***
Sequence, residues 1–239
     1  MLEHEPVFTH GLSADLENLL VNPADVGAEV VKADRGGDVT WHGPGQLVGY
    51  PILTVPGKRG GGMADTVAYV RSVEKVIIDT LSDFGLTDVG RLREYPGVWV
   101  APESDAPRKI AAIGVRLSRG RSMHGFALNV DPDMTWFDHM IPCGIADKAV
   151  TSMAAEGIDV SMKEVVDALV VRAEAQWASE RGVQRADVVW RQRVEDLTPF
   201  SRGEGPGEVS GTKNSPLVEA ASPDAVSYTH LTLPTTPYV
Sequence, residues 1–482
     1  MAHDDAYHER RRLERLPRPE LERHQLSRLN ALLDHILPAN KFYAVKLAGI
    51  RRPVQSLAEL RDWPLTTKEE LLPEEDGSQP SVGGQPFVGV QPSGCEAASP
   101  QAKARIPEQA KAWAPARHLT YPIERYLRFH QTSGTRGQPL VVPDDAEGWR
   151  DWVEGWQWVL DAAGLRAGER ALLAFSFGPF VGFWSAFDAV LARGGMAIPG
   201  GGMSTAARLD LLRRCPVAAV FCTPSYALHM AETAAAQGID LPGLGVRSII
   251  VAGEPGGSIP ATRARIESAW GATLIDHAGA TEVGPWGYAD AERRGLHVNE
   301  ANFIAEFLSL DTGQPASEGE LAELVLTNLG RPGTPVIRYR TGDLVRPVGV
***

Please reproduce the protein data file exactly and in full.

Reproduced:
Sequence, residues 1–239
     1  MLEHEPVFTH GLSADLENLL VNPADVGAEV VKADRGGDVT WHGPGQLVGY
    51  PILTVPGKRG GGMADTVAYV RSVEKVIIDT LSDFGLTDVG RLREYPGVWV
   101  APESDAPRKI AAIGVRLSRG RSMHGFALNV DPDMTWFDHM IPCGIADKAV
   151  TSMAAEGIDV SMKEVVDALV VRAEAQWASE RGVQRADVVW RQRVEDLTPF
   201  SRGEGPGEVS GTKNSPLVEA ASPDAVSYTH LTLPTTPYV
Sequence, residues 1–482
     1  MAHDDAYHER RRLERLPRPE LERHQLSRLN ALLDHILPAN KFYAVKLAGI
    51  RRPVQSLAEL RDWPLTTKEE LLPEEDGSQP SVGGQPFVGV QPSGCEAASP
   101  QAKARIPEQA KAWAPARHLT YPIERYLRFH QTSGTRGQPL VVPDDAEGWR
   151  DWVEGWQWVL DAAGLRAGER ALLAFSFGPF VGFWSAFDAV LARGGMAIPG
   201  GGMSTAARLD LLRRCPVAAV FCTPSYALHM AETAAAQGID LPGLGVRSII
   251  VAGEPGGSIP ATRARIESAW GATLIDHAGA TEVGPWGYAD AERRGLHVNE
   301  ANFIAEFLSL DTGQPASEGE LAELVLTNLG RPGTPVIRYR TGDLVRPVGV